Two large four and five storey buildings are shown in the distance with a parking lot and a grove of trees in the near ground.

A view of the P4 lab inside the Wuhan Institute of Virology in Wuhan, China, Feb. 3, 2021.

Credit:

Ng Han Guan/AP

Top of The World — our morning news roundup written by editors at The World. Subscribe here.

Biden COVID-19 probe
US President Joe Biden has called for a “redoubled” effort to find the origins of COVID-19. The administration is now including the possibility that the trail might lead to a Chinese laboratory called the Wuhan Institute of Virology after months of considering it a fringe theory. Biden’s push for an intelligence inquiry joins growing worldwide pressure for China to be more transparent about the outbreak. It’s also a move with clear domestic politics in mind — to stave off Republican demands for the president to be tougher on China. On Wednesday, Biden asked US intelligence agencies to report back on their findings in 90 days, and directed national laboratories to assist with the investigation.

US-China talks
US and Chinese trade envoys spoke over the phone on Thursday for the first time since President Joe Biden took office. US Trade Representative Katherine Tai released a statement on her “ongoing review” of the trade relationship, while the Chinese Commerce Ministry said Vice Premier Liu He had raised “issues of common concern.” Former President Donald Trump engaged in a controversial trade war with China, raising tariffs on Chinese imports, and other measures, over complaints about Beijing’s industrial policy and trade surplus. China then retaliated by suspending purchases of US soybeans and raising tariffs on other goods. The two sides agreed to hold further negotiations but haven’t said when.

Israel-Hamas
Top UN rights chief Michelle Bachelet has said that Israeli forces may have committed war crimes in the recent deadly 11-day conflict with Hamas in the Gaza Strip. The UN body also called on Israel to allow for an independent probe of its military actions. “Airstrikes in such densely populated areas resulted in a high level of civilian fatalities and injuries, as well as the widespread destruction of civilian infrastructure," she said. Bachelet added that Hamas’ indiscriminate rocket fire during the fighting was also a clear violation of the rules of war. The remarks came during a one-day special session to discuss “the grave human rights situation” in Gaza, the West Bank and east Jerusalem.

From The World

WhatsApp sues Indian government over unconstitutional internet laws, privacy encroachment

The messaging app WhatsApp has sued the Indian government over its new internet laws, seeking to defend its users’ privacy and stop new rules that would require it to make messages “traceable” to external parties. The Indian government is saying this is an issue about security. But Nikhil Pahwa, a digital rights activist and founder of the news site MediaNama, told The World's Carol Hills that for WhatsApp, it's an issue of privacy.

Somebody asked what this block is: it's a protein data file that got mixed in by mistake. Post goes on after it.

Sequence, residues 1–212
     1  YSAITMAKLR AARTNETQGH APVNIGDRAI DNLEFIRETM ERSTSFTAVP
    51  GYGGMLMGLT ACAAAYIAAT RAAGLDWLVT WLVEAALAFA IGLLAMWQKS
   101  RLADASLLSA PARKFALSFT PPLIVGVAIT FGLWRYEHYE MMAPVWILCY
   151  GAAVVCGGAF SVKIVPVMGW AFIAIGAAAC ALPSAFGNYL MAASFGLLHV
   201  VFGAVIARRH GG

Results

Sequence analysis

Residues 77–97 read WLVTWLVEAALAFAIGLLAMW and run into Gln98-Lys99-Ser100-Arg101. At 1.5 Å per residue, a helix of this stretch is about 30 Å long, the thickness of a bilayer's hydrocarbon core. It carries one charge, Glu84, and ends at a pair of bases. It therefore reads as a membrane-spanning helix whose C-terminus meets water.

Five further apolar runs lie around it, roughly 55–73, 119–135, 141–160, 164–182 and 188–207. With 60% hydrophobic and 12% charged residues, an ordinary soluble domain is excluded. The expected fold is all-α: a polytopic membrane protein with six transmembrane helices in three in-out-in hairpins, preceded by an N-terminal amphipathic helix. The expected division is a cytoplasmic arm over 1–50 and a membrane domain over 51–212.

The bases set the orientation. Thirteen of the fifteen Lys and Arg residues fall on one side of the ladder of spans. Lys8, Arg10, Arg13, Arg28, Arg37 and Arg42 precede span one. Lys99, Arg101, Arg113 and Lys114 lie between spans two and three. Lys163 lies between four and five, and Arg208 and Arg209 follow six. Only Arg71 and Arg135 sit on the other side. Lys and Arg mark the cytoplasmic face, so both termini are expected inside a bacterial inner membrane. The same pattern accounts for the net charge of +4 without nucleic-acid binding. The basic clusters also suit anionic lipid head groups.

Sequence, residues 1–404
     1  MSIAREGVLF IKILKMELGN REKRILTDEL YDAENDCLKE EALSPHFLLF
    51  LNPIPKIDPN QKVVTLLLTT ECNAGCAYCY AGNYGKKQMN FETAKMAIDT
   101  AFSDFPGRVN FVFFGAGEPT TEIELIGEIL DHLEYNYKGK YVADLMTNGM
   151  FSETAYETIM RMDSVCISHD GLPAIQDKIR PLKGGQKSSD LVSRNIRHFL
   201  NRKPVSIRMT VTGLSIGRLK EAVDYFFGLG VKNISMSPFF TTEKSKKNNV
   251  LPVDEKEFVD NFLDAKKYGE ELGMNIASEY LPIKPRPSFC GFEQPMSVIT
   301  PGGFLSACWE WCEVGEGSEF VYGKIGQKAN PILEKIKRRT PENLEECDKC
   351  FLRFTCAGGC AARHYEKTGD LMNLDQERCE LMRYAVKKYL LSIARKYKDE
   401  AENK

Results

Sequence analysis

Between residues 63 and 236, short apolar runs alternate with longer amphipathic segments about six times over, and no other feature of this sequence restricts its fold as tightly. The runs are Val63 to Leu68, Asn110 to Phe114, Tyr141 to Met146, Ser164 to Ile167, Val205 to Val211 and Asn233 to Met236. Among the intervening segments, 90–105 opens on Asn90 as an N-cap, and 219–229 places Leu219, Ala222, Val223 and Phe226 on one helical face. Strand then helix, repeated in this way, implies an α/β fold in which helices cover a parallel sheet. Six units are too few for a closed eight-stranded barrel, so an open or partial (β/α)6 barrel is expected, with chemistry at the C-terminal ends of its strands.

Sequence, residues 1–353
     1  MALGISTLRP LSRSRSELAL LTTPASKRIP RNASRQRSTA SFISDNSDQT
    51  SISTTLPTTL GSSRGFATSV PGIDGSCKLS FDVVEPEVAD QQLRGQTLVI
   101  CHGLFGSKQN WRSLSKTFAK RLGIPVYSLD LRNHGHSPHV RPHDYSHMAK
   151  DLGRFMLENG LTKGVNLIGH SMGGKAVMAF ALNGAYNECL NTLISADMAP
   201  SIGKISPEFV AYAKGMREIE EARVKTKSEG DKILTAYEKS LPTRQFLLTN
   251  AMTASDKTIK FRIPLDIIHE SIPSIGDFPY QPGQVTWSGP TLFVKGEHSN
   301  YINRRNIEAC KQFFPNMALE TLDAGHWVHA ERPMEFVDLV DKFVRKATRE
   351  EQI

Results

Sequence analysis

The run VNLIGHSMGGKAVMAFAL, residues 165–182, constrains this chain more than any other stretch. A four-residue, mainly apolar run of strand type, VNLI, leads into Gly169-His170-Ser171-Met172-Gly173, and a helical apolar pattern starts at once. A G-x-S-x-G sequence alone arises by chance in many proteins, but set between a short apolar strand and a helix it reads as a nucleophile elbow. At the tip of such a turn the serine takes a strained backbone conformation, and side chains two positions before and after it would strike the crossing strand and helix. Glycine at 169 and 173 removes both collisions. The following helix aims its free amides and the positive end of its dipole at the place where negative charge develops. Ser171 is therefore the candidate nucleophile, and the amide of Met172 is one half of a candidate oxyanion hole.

"[B]ecause the way WhatsApp's platform is architected, it isn't able to determine the originator," he said. "So, it says that in order to be able to provide this information to the Indian government, it'll have to [revise] its entire platform. And so the question here is, to be able to get information on one user, should the privacy of all users be compromised?"

‘Our phones are our only weapon’: French citizens demand police reform to address racism

One year after the death of George Floyd sent shockwaves around the world, calls to reform France’s police force have been met with pushback. French police say that they're afraid, too. Both sides say they need more support from the government, which has been caught walking a difficult tightrope in the run-up to next year’s presidential elections.

Bright spot

A new study published in the Nature Communications journal finds that counting blood cells and footsteps could predict human longevity, suggesting the maximum human lifespan could be as long as 150 years ( 🎧).

In case you missed it

Listen: Iran to hold key presidential election next month

Iranian man in black robe and turban waves in front of a picture of Supreme Leader Ali Khamenei

Ebrahim Raisi, head of Iran's judiciary, waves to journalists while registering his candidacy for the upcoming presidential elections at the Interior Ministry in Tehran in Iran, May 15, 2021.

Credit:

Ebrahim Noroozi/AP

Iran has approved a list of seven candidates for next month’s presidential election. Missing from the list are moderates and reformist candidates. In France, a debate on policing tactics and oversight have police calling for more protection, too. And, anti-Semitic attacks have reportedly soared in the UK and EU, in the wake of the conflict in Gaza. Also, Tasmanian devils have been born on the Australian mainland for the first time in 3,000 years.

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